# OpenBOM: Graphs, Networks, and Bill of Materials – Part 3

Oleg Shilovitsky
28 April, 2020 | 3 min for reading

In my previous article Graphs, Networks, and BOMs Part One and Part 2 I introduced how Graph and Networks can be used to represent Bills of Materials and how data can be aggregated from multiple BOMs in a single network. The aggregated graph structure is a very important asset that can be used for future analysis and building intelligence.

Just to remind you what I did in the previous article. In this example, I created a single graph by aggregating nodes and edges. A result – weighted graph can be a source of various analyses.

Below I want to bring some examples of how graph theory and analysis can be applied to the aggregated network resulted from multiple Bill of Materials.

Topological Analysis and Clustering

The set of algorithms about clustering can bring an interesting perspective on connectedness between products and their parts. By analyzing the connections between parts, we can identify common groups (clusters) and the common graph between two products, which can help us to build a sense of dependencies and commonalities between products. Totally disconnected graphs and opposite to that – no clusters can help us to get an interesting insight into the product, components, suppliers, and their dependencies. We can drive a conclusion about similar attributes and grouping of nodes.

After all, clustering and other topological analysis will help us to drive the conclusion about how product structure (and their dependencies) can be integrated or disintegrated, which will lead us towards decision-making process about risks in inventory planning, supply chain, maintenance parts, and many other aspects.

Centrality

The application of centrality can help us to figure out what are the most important nodes. In such a way, we will be able to identify critical elements of the product structure, their contractors, and suppliers.

An old example of centrality was PageRank in the Google algorithm. But, in modern product development applications, the centrality of nodes can play a novel role in the attempt to eliminate some part’s importance and opposite – to decide where the critical focus and/or risk.

Similarity

Last but not least, similarity algorithms can help you set comparison to score how alike individual graph nodes are based on their links and properties. The foundation of similarity can lead to many decision-making algorithms starting from the recommendation of suppliers, contractors parts, and developing personalized products.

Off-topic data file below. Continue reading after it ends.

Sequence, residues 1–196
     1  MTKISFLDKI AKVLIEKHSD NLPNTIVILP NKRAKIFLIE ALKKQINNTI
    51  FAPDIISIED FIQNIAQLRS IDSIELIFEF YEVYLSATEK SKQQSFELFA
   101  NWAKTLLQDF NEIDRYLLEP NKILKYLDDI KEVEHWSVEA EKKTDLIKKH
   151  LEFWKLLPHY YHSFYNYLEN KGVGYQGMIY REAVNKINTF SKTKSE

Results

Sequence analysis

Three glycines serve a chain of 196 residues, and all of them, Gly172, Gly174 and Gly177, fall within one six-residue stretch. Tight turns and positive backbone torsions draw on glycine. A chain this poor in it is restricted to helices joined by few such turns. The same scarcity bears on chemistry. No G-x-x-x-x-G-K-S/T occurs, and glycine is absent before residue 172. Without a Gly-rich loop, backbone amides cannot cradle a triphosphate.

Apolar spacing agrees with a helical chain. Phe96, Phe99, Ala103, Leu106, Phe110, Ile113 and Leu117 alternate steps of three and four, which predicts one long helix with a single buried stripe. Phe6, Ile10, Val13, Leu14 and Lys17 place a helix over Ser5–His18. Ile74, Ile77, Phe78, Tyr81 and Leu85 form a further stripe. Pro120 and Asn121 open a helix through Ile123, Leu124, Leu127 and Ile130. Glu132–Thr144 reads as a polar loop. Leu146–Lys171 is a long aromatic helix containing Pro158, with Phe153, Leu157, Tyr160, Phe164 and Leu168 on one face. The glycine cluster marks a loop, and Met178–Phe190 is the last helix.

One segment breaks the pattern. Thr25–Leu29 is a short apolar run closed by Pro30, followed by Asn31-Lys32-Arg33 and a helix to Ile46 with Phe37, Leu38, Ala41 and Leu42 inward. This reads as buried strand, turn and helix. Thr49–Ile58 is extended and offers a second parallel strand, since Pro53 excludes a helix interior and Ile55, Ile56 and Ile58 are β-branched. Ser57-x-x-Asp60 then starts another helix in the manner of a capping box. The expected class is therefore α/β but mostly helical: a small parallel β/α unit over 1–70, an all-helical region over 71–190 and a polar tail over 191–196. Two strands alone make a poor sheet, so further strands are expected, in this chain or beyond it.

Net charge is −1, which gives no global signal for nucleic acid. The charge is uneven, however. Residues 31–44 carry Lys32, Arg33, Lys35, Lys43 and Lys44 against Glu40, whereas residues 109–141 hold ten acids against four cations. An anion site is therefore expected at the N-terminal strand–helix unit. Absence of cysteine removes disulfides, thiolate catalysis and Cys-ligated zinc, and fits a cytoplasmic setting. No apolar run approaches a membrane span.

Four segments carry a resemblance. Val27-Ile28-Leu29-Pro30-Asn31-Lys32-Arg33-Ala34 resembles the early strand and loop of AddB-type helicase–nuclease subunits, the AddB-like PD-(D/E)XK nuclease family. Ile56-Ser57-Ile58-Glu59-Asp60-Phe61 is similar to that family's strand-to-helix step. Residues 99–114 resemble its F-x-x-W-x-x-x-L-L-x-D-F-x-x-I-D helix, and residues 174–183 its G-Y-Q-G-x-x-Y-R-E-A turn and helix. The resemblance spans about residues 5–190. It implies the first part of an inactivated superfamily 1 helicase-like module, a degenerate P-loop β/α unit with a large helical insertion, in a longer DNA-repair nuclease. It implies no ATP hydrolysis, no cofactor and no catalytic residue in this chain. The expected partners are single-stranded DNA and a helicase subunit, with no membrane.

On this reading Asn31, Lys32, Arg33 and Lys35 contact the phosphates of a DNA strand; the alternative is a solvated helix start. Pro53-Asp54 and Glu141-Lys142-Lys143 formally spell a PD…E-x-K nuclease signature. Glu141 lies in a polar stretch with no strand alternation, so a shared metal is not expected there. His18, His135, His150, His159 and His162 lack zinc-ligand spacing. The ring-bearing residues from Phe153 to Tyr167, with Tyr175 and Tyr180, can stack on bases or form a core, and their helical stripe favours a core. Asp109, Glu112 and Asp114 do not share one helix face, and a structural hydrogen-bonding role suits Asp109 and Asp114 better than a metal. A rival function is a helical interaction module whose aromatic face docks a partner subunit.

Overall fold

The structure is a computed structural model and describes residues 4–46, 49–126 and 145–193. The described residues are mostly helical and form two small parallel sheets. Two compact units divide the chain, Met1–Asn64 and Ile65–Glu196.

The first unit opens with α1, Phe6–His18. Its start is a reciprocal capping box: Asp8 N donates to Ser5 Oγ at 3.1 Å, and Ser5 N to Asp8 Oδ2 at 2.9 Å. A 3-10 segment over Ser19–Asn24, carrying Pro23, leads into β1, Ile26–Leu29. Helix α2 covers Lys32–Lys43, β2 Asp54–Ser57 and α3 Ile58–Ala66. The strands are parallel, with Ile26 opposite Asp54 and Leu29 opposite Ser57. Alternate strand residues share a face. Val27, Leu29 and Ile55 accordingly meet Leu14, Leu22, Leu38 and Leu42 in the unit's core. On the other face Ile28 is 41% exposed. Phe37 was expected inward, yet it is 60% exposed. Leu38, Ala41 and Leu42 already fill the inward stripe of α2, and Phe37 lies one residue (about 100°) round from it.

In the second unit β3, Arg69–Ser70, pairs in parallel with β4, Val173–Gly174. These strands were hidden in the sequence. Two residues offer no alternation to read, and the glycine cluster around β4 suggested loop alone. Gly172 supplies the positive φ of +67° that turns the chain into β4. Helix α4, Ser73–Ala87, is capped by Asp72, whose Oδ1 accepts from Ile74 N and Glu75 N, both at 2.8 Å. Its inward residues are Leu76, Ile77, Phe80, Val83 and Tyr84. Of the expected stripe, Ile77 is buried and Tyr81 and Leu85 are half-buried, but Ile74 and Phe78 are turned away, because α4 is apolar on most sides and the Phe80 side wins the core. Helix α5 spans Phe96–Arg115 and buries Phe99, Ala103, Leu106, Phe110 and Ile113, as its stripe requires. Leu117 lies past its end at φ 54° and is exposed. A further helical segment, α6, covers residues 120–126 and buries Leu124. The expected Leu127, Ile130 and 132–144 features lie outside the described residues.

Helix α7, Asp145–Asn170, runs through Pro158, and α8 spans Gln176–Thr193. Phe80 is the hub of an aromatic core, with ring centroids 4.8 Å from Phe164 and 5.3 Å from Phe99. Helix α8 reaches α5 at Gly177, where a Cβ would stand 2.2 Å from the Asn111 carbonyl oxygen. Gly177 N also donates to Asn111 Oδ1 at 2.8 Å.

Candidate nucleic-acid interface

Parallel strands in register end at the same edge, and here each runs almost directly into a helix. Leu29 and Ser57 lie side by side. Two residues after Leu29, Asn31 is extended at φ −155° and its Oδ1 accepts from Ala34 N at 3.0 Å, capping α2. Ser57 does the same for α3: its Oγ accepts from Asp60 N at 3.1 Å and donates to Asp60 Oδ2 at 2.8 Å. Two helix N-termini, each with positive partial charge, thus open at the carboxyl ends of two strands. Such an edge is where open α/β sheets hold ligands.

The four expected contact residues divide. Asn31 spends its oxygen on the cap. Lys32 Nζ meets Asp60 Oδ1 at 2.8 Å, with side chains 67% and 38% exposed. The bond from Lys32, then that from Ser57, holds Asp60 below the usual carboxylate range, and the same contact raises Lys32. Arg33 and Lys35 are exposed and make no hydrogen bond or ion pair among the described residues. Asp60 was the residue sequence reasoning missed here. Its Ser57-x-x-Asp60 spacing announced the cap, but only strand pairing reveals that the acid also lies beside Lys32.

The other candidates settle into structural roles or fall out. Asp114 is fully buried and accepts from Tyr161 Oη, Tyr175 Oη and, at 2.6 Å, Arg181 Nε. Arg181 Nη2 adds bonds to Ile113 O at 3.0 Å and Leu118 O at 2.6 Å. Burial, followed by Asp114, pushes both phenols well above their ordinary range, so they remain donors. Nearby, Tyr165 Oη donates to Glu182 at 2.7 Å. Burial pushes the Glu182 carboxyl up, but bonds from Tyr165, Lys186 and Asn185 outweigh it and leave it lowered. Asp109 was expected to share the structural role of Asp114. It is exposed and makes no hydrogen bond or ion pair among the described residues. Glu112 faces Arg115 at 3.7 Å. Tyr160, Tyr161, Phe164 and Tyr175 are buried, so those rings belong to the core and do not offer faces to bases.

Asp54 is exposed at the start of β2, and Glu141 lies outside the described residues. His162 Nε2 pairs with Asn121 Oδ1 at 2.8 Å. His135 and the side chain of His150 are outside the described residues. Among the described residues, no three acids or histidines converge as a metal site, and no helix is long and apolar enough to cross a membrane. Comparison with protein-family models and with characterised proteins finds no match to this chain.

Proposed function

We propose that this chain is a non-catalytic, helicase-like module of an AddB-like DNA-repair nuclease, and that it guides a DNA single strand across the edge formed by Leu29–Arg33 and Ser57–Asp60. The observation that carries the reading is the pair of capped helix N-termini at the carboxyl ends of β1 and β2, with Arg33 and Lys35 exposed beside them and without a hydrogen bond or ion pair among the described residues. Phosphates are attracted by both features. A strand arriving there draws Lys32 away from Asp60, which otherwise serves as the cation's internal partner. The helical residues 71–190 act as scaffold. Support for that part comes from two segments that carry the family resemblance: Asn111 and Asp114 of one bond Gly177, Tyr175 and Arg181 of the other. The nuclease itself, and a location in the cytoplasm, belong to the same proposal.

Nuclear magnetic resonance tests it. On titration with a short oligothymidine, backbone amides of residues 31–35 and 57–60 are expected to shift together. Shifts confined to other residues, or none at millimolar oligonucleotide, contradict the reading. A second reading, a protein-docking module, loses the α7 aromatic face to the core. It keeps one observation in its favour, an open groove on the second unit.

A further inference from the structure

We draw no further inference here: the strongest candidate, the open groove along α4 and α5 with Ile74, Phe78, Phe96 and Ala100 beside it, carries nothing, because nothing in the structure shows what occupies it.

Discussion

An example of a similarity application will be the identification of re-usable parts, components, and suppliers. In a current COVID-19 world, similarity can help to find suppliers that can be used for product development scale or compensation for a supplier that is not available for the moment.

What is OpenBOM uniqueness?

The unique capability of OpenBOM is the ability to build an aggregated graph of information by using product data. The multi-tenant characteristics of OpenBOM allow you to create an aggregated graph using an anonymized data set and once it is done, use it for various decisions – suppliers search, part purchasing decisions, identifying weak part, and single supplier search. The knowledge about product structure connected together provides a unique data analysis and decision-making tool such as OpenBOM.

Conclusion

The network (graph model) artifact created as a result of a combination of multiple Bill of Materials can provide a model for the analysis of product information and dependencies between objects used to represent this graph. As you can see some very basic algorithms applied to this data set can provide a unique set of technologies to optimize product development and decision making in supply chain and contract manufacturing.

I’m excited to talk about multiple applications of Graph Theory in graphs created from the Bill of Materials and related information.  If you, like me, love graph theories and algorithms, please reach out- I’d be happy to discuss it.

Best, Oleg @ openbom dot com.

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